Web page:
Injury Management and Prevention

Injury Management/Prevention


Exercise and injury will always be related, no matter the form of exercise you participate in there is always the possibility of injury. Obviously some activities have a much greater correlation with injury, for example contact sports have a far higher risk of injury compared to walking but so many people still participate in contact sports despite the risks, this is likely due to the physical and psychological rewards it can bring far outweighing the risk of injury.


Listening to your body and seeking the appropriate care is paramount no matter what level of sport or general fitness you are participating in. Obviously different levels of activity will require different frequencies of care and maintenance, for example a professional athlete may see physiotherapists, massage therapists and nutritionists on a weekly basis but your average population will only need to see a physiotherapist when required due to injury or seeing a massage therapist when they feel tight and run down for example.


When it comes to the management of injuries, early detection and action is key. That is why paying close attention to how your body is feeling is so important, if something is not feeling right for a week its more than likely worth getting it looked at. Coaches can be great to go to for mobility advice when you are struggling with things like squat depth, overhead positioning and holding a front rack but they aren't doctors or physios so when you suspect an injury your best bet is to seek professional medical advice. The next step is the most important and often the least adhered to step of injury management, and that is following the rehab plan you are given to treat your injury.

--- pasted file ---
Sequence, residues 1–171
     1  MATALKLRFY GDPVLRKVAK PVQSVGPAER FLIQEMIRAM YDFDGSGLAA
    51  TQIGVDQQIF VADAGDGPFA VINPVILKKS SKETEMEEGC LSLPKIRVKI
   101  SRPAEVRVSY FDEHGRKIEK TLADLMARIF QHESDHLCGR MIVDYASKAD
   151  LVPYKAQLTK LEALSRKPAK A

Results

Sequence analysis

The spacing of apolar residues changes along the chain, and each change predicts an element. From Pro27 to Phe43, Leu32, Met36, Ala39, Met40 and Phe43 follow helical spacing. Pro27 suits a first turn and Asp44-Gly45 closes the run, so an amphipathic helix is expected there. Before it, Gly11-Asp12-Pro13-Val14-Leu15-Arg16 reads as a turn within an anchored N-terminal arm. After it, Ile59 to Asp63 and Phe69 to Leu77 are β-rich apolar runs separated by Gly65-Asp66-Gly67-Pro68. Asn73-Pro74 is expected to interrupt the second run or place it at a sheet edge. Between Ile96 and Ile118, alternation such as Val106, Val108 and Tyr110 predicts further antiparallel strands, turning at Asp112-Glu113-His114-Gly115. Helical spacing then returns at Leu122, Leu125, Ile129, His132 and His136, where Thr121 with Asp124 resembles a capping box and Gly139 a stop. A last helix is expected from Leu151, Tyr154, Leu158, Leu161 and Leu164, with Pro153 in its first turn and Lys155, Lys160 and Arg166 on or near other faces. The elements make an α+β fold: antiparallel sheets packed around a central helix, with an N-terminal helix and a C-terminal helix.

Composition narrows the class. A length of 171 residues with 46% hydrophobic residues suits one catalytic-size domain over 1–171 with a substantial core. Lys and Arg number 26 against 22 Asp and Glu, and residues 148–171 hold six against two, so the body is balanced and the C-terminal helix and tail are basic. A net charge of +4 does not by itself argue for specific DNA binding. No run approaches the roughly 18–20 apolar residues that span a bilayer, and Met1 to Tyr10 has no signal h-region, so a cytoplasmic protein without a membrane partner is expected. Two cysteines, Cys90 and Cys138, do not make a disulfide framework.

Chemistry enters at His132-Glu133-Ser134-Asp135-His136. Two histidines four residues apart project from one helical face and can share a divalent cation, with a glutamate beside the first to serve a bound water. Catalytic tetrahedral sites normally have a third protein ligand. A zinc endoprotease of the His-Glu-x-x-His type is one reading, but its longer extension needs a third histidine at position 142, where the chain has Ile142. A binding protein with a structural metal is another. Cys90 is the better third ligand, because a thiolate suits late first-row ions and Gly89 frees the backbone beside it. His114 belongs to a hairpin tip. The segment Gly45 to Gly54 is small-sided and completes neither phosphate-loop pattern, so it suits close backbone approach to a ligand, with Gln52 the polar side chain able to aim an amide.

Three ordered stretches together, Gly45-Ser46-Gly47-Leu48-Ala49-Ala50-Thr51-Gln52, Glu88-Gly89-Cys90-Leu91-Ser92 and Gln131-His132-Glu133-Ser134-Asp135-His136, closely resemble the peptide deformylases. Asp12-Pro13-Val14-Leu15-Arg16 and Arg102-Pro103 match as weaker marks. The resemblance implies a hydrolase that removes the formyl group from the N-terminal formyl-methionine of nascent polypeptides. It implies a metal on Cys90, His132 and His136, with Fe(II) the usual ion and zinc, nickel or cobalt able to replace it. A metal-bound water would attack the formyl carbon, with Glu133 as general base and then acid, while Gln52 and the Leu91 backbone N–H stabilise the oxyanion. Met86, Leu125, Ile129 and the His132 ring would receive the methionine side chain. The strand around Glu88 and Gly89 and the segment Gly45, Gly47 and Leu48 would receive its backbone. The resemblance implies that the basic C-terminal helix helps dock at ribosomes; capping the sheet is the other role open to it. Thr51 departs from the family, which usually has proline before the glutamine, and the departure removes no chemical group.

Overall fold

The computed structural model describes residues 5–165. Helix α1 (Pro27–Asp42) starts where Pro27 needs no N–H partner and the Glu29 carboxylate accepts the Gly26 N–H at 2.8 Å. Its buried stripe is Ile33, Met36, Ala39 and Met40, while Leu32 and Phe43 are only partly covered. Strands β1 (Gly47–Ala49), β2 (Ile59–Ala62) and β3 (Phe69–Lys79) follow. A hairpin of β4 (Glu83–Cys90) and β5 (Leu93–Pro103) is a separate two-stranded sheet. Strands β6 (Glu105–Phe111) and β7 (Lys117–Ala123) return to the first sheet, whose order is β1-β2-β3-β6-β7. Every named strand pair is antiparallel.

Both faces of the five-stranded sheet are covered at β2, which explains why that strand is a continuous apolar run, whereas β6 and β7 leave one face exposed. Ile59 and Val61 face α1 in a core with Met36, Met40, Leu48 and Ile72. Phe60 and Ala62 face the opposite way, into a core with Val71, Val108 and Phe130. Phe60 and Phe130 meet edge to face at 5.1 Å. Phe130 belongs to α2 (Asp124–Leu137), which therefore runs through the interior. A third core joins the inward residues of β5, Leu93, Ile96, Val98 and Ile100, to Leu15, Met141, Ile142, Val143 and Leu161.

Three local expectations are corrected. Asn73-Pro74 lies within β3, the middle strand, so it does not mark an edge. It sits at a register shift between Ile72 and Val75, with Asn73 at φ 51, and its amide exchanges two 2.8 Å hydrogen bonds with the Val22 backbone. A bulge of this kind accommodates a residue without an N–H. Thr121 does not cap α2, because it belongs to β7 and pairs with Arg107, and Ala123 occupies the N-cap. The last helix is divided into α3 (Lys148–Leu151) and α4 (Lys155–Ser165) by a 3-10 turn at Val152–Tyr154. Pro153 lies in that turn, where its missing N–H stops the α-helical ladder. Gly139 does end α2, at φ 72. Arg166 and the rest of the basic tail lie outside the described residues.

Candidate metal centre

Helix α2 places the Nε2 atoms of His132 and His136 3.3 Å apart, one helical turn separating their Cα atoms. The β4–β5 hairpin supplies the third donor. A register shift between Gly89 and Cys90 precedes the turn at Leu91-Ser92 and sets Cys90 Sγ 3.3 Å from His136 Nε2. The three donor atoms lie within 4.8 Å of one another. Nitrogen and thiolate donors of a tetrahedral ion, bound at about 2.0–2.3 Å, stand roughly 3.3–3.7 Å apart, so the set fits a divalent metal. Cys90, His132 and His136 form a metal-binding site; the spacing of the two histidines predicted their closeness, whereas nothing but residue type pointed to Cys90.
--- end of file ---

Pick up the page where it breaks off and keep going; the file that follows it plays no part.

The most common mistake people make is going to a physio receiving treatment on an injury and then returning straight back to what they were doing before, not allowing the body time to heal. Once you have seen a medical professional regarding your injury the best thing you can do is get specifics of exactly what movements you can and can't do, then the next time you are in the gym make your coach aware of these. That way they can do their job of modifying workouts for you so that they can be safely completed. Following injury management plans strictly can prevent acute short term injuries becoming chronic long term damage, sometimes a week of rest as much as it seems like you're missing out and losing fitness can be the best thing for you and is a much better option than continually aggravating an injury leading to months of modified training and the possibility of having to take lengthy time off.

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